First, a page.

Getting a new puppy for your family is an experience but it has its challenges. Have you been planning to bring a puppy home that you dreamt of for years or you have instantly fallen in love with a stray pup on the street?
As you look for a puppy to add to new member of your family, you also need to keep some general puppy health considerations in mind. This way, you can adopt a healthy and happy puppy for sharing moments to fall in love with each other that will be with your family for years.
After below, we suggest 8 ways to help you choose a healthy puppy:
- Get one at the right age.
In general, puppies should be kept with their mothers for at least the first 8 weeks of their lives. If the dog breed is small, such as a Yorkshire terrier, a puppy should live with its littermates or parents for the first 12 weeks so it can mature enough to live with other people and animals.
- If you find a breeder who is selling puppies younger than 8 weeks old, ask the breeder why, since it is too young.
2. Check the puppy’s cleanliness.
As you are looking for a puppy, you should look at how clean the puppy is. This is a good indicator of the puppy's health. When you meet a new puppy, look for clean:
- Ears. Dirty puppy ears may cause ear infections or indicate ear mites. Avoid puppies with ear redness or foul odors.
- Nose. There should be no discharge from the nose, and the puppy should not sneeze profusely or cough. Don’t think discharge is just saliva because the nose may be wet from licking.
- Eyes. There should be no discharge around the puppy’s eyes. They should be bright and alert.
3. Examine the coat. When you are getting a new puppy, its fur should be fresh and clean. It should also be shiny and full. Avoid dogs with bald patches or skin issues. It may be a bit dusty or slightly dirty if the puppy is playing outside with other animals, but it should clean up easily.
- When you play with the puppy, part its fur and look at the skin. It should also be clean and smooth. Make sure there are no fleas and that the puppy doesn’t scratch itself.
4. Check for a strong body. When you pick up the puppy, check the muscle definition of the legs and arms. All puppy bodies should be strong, even if the dog is a tiny breed. Make sure it isn’t thin with a protruding belly.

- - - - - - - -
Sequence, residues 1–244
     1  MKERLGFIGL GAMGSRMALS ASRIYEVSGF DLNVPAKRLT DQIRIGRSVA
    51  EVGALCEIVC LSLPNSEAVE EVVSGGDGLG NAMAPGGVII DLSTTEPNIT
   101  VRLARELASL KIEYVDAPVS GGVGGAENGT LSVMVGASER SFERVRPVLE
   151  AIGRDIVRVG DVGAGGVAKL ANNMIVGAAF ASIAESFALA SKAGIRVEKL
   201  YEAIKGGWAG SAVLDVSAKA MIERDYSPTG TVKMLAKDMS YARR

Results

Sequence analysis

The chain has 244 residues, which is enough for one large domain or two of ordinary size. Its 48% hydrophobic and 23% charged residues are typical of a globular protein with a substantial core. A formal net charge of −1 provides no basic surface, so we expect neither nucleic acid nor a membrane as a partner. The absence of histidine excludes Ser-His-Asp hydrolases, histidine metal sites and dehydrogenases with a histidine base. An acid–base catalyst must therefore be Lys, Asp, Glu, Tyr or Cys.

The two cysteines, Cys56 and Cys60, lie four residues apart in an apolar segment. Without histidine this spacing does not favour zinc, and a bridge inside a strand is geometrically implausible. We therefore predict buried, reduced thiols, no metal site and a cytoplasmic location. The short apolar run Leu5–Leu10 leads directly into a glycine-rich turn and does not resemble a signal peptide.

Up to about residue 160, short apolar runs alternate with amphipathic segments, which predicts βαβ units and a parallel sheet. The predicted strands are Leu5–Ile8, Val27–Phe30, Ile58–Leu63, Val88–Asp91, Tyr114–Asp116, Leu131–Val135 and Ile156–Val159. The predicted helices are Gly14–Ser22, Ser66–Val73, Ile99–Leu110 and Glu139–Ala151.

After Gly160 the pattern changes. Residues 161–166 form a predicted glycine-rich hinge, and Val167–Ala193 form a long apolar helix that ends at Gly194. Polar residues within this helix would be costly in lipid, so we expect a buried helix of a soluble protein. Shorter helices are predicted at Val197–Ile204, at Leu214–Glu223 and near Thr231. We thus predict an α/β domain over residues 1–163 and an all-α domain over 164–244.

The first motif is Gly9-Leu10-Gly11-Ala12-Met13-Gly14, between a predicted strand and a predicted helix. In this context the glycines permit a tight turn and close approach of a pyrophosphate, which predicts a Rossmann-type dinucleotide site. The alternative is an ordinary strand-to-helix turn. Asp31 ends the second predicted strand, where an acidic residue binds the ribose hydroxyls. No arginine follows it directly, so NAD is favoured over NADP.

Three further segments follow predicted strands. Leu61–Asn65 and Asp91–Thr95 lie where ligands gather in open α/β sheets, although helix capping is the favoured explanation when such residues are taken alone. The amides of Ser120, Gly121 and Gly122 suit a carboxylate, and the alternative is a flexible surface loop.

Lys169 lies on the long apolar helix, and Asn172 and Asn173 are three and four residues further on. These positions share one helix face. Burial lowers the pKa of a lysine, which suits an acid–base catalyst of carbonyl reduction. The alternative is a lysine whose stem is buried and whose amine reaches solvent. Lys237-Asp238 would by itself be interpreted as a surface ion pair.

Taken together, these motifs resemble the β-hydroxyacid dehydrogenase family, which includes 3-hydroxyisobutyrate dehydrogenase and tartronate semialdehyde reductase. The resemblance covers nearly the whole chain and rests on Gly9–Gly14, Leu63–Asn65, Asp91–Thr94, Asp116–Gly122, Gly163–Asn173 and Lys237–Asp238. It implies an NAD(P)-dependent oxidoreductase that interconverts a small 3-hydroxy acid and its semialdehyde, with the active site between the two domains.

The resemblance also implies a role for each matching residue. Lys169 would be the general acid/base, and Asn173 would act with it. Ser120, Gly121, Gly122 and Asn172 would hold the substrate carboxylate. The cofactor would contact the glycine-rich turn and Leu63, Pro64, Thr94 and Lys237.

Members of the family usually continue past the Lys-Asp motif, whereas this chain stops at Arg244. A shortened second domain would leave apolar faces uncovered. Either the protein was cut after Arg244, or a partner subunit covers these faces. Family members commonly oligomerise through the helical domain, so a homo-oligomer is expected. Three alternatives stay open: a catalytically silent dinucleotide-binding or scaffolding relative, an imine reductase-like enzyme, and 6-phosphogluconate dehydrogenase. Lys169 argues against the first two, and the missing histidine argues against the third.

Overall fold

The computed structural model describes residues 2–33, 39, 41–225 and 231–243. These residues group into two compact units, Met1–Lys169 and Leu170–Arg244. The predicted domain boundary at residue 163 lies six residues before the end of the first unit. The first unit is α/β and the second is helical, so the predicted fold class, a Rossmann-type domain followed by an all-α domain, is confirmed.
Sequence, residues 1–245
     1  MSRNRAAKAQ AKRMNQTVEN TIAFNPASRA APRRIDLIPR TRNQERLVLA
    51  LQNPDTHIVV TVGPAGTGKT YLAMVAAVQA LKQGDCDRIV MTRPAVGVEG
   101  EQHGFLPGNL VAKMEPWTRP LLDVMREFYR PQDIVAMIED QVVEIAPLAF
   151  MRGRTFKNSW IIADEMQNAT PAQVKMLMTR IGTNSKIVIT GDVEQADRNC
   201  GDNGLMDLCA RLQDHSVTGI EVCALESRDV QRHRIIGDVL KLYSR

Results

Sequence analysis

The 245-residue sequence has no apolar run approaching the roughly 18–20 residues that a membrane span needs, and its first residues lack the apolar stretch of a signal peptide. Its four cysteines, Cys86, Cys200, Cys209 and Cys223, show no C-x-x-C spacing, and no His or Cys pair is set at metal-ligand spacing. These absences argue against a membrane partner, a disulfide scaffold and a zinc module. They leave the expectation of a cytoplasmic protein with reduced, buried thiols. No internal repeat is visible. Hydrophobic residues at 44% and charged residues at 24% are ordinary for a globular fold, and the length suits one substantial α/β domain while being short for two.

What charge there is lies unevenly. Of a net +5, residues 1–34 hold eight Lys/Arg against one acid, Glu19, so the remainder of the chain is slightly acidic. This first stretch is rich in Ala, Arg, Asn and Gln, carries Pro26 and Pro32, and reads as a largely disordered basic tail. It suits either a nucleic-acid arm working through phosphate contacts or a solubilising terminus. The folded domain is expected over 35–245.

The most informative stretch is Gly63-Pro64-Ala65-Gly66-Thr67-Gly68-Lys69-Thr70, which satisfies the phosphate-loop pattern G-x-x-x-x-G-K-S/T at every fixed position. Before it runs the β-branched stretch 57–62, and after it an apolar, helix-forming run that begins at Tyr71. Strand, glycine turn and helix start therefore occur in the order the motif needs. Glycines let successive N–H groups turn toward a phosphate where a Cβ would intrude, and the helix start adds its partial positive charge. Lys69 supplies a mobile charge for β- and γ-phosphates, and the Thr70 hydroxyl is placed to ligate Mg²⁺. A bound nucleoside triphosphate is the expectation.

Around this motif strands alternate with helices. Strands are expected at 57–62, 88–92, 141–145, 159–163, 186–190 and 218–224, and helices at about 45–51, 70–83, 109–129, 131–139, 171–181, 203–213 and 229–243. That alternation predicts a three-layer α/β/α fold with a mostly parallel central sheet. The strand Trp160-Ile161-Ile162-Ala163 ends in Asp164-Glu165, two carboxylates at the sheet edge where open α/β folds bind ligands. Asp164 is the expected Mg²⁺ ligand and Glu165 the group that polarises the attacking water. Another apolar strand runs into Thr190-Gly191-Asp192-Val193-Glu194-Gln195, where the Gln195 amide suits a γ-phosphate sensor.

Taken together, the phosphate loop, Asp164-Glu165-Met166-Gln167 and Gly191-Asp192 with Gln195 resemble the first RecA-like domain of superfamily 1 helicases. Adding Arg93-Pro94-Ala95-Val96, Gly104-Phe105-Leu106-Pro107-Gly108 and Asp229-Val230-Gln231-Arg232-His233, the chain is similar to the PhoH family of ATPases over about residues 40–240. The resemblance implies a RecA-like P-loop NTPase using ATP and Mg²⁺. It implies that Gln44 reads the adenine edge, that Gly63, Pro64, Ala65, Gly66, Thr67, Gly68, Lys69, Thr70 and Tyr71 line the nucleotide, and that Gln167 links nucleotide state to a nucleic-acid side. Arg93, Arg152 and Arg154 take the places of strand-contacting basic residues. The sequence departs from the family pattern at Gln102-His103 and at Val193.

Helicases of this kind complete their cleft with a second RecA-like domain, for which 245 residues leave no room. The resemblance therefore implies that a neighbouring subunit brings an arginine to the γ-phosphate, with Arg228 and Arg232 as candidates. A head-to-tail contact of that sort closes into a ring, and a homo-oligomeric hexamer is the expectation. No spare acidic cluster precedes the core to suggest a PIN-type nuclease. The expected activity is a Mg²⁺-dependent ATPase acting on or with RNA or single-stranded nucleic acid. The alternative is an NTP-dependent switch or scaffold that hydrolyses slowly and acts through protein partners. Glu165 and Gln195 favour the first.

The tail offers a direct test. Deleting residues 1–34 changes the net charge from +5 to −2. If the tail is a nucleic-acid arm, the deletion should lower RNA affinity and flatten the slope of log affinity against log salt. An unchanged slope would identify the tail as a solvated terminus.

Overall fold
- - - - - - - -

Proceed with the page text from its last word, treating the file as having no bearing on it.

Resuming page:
- This can be a sign of an untreated worm infestation or serious health issues, such as a heart problem.
5. Examine the stool. If you have a chance, examine what the puppy’s stool looks like. It should be firm. Loose stools or a messy bottom may indicate diarrhea, which is a sign of larger health issues. You should also check where the other puppies in the litter go to the bathroom to make sure none of the other puppies are sick either.
- Also watch to see if the puppy licks its genital region a lot. This may be a sign of a urinary tract infection.
6. Watch its energy level. In addition to the physical symptoms, you should evaluate the overall energy level of the puppy. Watch his interaction with other puppies and see how he interacts with you.
- It may take a little time for the puppy to warm up to you and your family, but it eventually will. Sit with it and make time to play with it when you visit. Healthy puppies are curious and want to play if they are awake.
7. Ask for past vet records. If possible, ask the shelter or breeder to see the past vet records for your puppy. This will ensure that it has been vaccinated and will let you know if the puppy has been fixed or not.
- If the breeder or seller won’t or can’t give you past vet records, seriously rethink getting that puppy. This is a warning sign that something could be wrong.
8. Ask about socialization. Your puppy's health includes his mental health, and that means it should be properly socialized. Ask about what contact the puppy has had with other people and where the puppies are kept (home environment rather than an outside run). A puppy that is poorly socialized may have major behavioral problems down the road.